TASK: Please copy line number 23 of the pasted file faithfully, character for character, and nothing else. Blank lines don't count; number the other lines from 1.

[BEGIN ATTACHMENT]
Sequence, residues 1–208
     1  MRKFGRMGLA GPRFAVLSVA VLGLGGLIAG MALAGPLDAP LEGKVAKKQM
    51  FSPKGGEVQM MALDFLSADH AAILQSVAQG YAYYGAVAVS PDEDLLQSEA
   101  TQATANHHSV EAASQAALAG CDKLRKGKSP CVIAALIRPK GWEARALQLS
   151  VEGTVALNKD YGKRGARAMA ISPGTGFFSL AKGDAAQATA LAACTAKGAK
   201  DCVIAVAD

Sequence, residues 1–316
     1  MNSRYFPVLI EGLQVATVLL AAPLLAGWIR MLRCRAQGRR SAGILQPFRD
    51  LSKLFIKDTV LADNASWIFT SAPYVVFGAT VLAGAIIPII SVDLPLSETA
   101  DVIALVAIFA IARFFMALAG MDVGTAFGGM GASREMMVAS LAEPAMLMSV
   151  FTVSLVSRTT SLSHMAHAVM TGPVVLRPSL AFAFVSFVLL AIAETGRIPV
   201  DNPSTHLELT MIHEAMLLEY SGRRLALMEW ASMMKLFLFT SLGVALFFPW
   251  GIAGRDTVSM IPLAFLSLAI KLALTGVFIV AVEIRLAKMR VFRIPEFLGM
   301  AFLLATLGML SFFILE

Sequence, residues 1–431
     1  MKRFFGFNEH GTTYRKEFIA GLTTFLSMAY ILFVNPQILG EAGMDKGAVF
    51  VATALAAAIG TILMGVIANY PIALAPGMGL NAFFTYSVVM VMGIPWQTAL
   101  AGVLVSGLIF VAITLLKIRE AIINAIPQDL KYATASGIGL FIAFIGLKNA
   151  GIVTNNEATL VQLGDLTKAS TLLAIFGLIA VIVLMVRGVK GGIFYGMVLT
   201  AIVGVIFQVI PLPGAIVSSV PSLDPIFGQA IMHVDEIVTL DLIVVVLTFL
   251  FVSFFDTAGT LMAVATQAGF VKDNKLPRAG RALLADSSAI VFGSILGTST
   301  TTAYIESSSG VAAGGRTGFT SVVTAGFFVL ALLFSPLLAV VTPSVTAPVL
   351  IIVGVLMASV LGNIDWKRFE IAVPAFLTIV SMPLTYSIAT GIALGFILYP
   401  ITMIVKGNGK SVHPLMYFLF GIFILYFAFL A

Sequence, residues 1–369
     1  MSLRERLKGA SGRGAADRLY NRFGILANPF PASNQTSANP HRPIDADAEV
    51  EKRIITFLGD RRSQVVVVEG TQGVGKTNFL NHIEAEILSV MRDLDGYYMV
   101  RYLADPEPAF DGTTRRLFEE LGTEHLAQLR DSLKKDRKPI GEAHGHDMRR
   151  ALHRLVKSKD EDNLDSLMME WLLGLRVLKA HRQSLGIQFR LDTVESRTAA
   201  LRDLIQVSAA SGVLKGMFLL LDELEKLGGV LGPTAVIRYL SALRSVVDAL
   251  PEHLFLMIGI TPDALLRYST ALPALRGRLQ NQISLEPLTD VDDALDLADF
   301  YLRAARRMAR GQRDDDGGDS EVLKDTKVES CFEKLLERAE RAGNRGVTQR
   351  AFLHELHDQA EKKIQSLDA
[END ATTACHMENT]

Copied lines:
   351  IIVGVLMASV LGNIDWKRFE IAVPAFLTIV SMPLTYSIAT GIALGFILYP